XL Bully Dogs

XL bullies are a variant of the wider American bully breed. Since the 31st of December 2023, breeding, selling, advertising, rehoming, abandoning and allowing an XL bully dog to stray is illegal.

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How to prepare for the ban on XL bully dogs

Since the 31st of December 2023, it is against the law to:

  • Sell an XL bully dog
  • Abandon an XL bully dog or let it stray
  • Give away an XL bully dog
  • Breed from an XL bully dog
  • Have an XL bully in public without a lead and muzzle

From the 1st of February 2024, it will be a criminal offence to own an XL bully dog in England and Wales unless your dog has a Certificate of Exemption.

If you apply for a Certificate of Exemption online you must complete your application by midday on the 31st of January 2024.

Is your dog an XL bully?

It is the responsibility of the owner to identify if their dog is an XL bully or carries the characteristics of the breed type.

You can ask vets to help you with this. They will refer to the same criteria listed in the link here.

XLB 2 1
XLB 6 1
XLB 5 1
XLB 4 1
XLB 3 1

If, after checking the guidance and photos, you’re still not sure if your dog is an XL bully, you should take a precautionary approach and apply for a Certificate of Exemption.

This includes puppies that may grow up to have the XL bully characteristics.

What do you need to do to keep an XL bully?

Your dog must be:

  • Microchipped
  • Kept on a lead and muzzled at all times when in public
  • Kept in a secure place so it cannot escape
  • Neutered
    • If your dog is less than one year old on the 31st of January 2024, they must be neutered by the 31st of December 2024.
    • If the dog is older than one year old on the 31st of January 2024, they must be neutered by the 30th of June 2024.

As the owner, you must also:

  • Be over 16 years old.
  • Have insurance against your dog injuring other people. This can be provided through Dogs Trust Membership, cost is £25 per year (£12.5 if over 65 years old).
  • Be able to show the Certificate of Exemption when asked by a police officer or a council dog warden, either at the time or within 5 days.

When to apply for a Certificate of Exemption for an XL bully dog

As soon as possible. You must apply for a Certificate of Exemption by midday on the 31st of January 2024.

Applications will be subject to a £92.40 application fee.

How to muzzle train your dog

We recommend that owners start training their dogs to wear muzzles when in public and to walk on a lead as soon as possible.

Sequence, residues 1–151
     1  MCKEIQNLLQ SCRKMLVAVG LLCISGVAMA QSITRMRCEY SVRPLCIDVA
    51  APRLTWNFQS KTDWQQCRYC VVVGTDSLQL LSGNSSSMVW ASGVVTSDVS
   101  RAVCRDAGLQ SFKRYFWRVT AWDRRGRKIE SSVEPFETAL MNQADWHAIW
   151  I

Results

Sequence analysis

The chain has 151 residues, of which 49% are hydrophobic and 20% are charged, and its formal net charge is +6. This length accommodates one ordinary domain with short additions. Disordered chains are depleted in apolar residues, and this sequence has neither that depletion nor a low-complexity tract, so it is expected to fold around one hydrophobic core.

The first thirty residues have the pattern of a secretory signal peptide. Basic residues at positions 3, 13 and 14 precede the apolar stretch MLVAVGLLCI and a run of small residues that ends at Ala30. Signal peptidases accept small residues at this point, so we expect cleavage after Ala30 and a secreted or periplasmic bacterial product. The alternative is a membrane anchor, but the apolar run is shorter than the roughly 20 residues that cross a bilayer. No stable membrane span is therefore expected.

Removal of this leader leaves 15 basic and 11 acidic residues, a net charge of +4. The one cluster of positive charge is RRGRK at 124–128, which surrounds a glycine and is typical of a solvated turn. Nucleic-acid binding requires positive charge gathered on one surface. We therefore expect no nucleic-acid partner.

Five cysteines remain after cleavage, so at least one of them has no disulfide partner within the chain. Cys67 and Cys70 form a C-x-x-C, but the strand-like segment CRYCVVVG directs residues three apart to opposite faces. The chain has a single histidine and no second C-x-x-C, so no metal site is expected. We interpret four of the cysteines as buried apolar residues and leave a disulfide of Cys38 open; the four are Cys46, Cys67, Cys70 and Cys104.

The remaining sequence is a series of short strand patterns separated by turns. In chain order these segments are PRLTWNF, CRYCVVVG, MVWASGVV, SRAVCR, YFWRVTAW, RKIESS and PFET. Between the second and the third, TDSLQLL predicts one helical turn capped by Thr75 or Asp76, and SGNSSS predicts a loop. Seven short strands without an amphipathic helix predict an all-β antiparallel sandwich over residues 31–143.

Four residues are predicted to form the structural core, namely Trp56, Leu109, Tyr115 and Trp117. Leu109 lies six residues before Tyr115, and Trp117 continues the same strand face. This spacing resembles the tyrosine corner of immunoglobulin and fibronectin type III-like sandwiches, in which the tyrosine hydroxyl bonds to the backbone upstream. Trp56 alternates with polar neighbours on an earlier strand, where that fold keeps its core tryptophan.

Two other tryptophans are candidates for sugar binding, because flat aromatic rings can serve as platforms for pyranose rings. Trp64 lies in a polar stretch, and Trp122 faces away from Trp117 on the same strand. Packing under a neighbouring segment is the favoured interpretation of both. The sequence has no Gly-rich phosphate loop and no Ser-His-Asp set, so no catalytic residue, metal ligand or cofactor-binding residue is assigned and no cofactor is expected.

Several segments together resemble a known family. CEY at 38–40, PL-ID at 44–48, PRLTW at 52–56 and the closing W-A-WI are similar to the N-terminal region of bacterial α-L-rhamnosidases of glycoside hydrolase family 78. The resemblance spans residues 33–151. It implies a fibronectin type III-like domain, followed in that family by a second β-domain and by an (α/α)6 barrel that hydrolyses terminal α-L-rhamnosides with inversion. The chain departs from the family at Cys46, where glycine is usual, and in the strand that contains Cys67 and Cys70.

If you require help with muzzle training, you can contact Joii or an animal welfare organisation.

For further reading on how to muzzle train your dog, click below:

What to do if your dog has already been neutered

You will still need a proof of neutering form.

You will need to have a vet confirm that the neutering has taken place before they finalise the form.

  • If the procedure was done at another vet practice, a copy of your dog’s medical records will be requested.
  • If there is no documented evidence that the neutering has taken place, then an appointment will be needed at a vet practice to confirm the neutered status.

What if you decide not to keep your dog? Putting your dog to sleep

If you choose not to keep your XL bully dog, the new law dictates that you must have the animal euthanised by a vet.

Can they be rehomed or have ownership transferred?

From the 31st of December 2023, it is illegal to rehome, sell or transfer ownership of XL bully dogs. From this date, not even rescue and rehoming organisations should rehome XL bully dogs; the dogs will need to be euthanised. 

Joii’s statement on the XL bully ban

Joii does not support Breed Specific Legislation.

Whilst we agree urgent action is needed to protect the public from dangerous dogs, we’re disappointed the Government is continuing to add further breeds to the banned breed list. 

We’d like to see the Government focus on much-needed extensive reform of the Dangerous Dogs Act, as we do not believe that adding ‘XL bully’ dogs to the list of banned breeds will be an effective way of protecting the public.

The advice given in this article is a summary of the information available on the Gov.uk website and should not replace the need for owners to familiarise themselves with the full details provided there.

Click here to read the government guidance on how to prepare for the ban on XL bully dogs.

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